”Enter through the narrow gate; for the gate is wide and the road is easy that leads to destruction, and there are many who take it. 14 For the gate is narrow and the road is hard that leads to life, and there are few who find it.”

We see this similar mindset, albeit with an economic focus, in 1 Timothy 6:6-10, where the author says:

“ Of course, there is great gain in godliness combined with contentment; 7 for we brought nothing into the world, so that we can take nothing out of it; 8 but if we have food and clothing, we will be content with these. 9 But those who want to be rich fall into temptation and are trapped by many senseless and harmful desires that plunge people into ruin and destruction. 10 For the love of money is a root of all kinds of evil, and in their eagerness to be rich some have wandered away from the faith and pierced themselves with many pains.”

It seems that the “enemies of the cross” in Philippi are cut from the same cloth as these people in Ephesus, in 1 Timothy 6. In our text tonight, we have people who have embodied the very lifestyle that God hates. So when Paul evokes the “destiny” of those who are leading wicked lives, Paul is being a bit sarcastic by saying, “their glory is their shame.” The shame of a life lived in utter selfishness, apart from the participatory suffering of God’s people. Hardly glorious, hardly worth remembering. As Paul says in Romans 6:23: “the wages of sin is death.” Death is the payout for a life lived in rebellion, in Sin.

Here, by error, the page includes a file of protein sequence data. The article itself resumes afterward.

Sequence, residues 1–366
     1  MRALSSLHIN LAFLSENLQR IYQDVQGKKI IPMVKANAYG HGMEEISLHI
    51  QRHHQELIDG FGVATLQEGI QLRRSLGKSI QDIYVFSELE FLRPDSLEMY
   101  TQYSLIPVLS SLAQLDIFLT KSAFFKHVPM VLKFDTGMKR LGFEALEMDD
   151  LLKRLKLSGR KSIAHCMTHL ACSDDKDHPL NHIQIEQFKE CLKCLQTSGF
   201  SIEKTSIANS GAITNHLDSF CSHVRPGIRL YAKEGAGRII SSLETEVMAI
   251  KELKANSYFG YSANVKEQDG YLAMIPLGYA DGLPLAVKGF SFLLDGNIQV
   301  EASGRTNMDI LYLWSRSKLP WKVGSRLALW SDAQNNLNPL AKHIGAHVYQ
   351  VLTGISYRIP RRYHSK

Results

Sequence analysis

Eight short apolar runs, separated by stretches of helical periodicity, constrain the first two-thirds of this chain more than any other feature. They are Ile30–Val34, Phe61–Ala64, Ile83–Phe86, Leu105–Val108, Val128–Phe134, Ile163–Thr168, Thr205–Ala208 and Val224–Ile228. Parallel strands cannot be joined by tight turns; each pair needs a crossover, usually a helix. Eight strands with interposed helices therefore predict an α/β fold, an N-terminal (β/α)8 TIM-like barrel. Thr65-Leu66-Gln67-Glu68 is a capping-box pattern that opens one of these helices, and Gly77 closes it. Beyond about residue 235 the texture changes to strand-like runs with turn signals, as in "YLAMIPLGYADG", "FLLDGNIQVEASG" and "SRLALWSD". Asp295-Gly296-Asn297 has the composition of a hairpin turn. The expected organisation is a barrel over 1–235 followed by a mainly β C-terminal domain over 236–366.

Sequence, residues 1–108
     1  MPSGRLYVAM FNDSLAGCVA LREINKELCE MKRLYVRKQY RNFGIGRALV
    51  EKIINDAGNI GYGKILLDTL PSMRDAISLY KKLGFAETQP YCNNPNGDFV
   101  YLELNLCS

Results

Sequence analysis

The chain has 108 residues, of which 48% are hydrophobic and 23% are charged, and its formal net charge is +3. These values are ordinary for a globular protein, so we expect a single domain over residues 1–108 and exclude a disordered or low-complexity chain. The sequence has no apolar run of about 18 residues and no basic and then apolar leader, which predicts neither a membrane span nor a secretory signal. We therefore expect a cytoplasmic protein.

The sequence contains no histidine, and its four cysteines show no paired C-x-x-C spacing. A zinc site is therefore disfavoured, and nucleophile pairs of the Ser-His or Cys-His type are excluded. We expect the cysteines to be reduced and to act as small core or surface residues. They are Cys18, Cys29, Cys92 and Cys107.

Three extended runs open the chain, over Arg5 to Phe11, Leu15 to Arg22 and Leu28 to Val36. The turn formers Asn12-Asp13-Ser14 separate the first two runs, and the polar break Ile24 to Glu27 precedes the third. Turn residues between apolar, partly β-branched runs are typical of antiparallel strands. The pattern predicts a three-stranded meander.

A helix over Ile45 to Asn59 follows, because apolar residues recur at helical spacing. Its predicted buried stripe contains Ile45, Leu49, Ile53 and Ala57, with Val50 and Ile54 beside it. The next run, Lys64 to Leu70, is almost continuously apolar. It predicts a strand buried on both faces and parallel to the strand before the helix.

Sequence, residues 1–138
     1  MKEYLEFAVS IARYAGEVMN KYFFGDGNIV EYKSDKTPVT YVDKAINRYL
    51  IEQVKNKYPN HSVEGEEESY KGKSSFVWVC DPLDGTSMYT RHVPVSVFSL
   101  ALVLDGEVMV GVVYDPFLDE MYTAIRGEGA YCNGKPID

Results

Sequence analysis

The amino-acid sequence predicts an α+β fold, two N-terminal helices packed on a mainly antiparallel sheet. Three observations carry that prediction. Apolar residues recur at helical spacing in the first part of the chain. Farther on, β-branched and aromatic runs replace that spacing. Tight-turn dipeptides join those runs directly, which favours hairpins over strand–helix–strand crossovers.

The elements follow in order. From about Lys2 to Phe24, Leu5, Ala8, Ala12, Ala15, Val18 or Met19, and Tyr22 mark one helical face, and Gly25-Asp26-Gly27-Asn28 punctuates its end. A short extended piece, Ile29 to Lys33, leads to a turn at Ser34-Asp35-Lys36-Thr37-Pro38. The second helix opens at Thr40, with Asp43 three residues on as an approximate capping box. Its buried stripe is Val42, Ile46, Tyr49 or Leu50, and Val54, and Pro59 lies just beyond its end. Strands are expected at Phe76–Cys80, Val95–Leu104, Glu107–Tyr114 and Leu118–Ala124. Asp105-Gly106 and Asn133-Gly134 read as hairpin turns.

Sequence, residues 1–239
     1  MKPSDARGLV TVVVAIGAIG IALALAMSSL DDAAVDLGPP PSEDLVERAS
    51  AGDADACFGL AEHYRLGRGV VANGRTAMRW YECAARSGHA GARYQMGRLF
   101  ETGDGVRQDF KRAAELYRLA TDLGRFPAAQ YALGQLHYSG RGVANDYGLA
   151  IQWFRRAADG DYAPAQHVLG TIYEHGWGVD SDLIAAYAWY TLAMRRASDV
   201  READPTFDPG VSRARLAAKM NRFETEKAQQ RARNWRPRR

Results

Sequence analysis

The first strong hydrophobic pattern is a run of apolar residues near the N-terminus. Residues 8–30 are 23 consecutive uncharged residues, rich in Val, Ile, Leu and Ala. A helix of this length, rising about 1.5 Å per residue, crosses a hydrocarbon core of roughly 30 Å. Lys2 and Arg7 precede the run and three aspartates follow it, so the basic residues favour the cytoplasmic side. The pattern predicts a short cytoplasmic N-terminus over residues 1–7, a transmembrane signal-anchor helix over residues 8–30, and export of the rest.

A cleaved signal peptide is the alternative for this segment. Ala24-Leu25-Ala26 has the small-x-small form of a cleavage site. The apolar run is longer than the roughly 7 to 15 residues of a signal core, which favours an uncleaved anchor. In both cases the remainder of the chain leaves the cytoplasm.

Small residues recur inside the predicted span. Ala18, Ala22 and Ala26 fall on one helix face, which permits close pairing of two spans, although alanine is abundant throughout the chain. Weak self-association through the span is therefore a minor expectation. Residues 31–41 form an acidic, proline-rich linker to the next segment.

We do not let our lives be defined by “our pleasures.” Rather, Christ defines us. Thus, our ethical framework is that we treat our bodies as a temple, as something noble and good. What we do with our lives, our actions, our deeds, matters deeply to God. He gave you life, and he wants you to live a life that does not destroy his image (c.f. Gen. 1:26-27); whether male or female, you image God. That is why what you do and how you live matters.

This leads us nicely into Paul’s second point, where he draws a specific contrast between those whose destiny is destruction. Rather than being citizens of Caesar’s Republic, our citizenship is defined by Christ, by the cosmic realm. We are not citizens of earth, that is, we do not belong to the reign of Death or the reign of Caesar. To be earthly is to be mortal, under subjection. To be a “citizen” affords a person with certain rights: that is, as citizens of heaven, we have a specific claim or right:

That right is resurrection.

Christ’s return signifies that our bodies, our subjected, broken bodies will be “conformed.” The Greek word σύμμορφον is a compound word: the prefix σύν means “with” (among other things) and the word μορφή (“form”): literally, “formed with.” This same word (though it is not a compound word) is used in Philippians 2:6 to describe the preexistent Christ as being “in the form of God.” That σῶμα (“body”) is to be transformed means the totality of the human person is to be formed by Christ: mind, heart, skin, everything. All that you are will be transformed, not left unburied in shame and contempt, or left in the corrosive grasp of Death.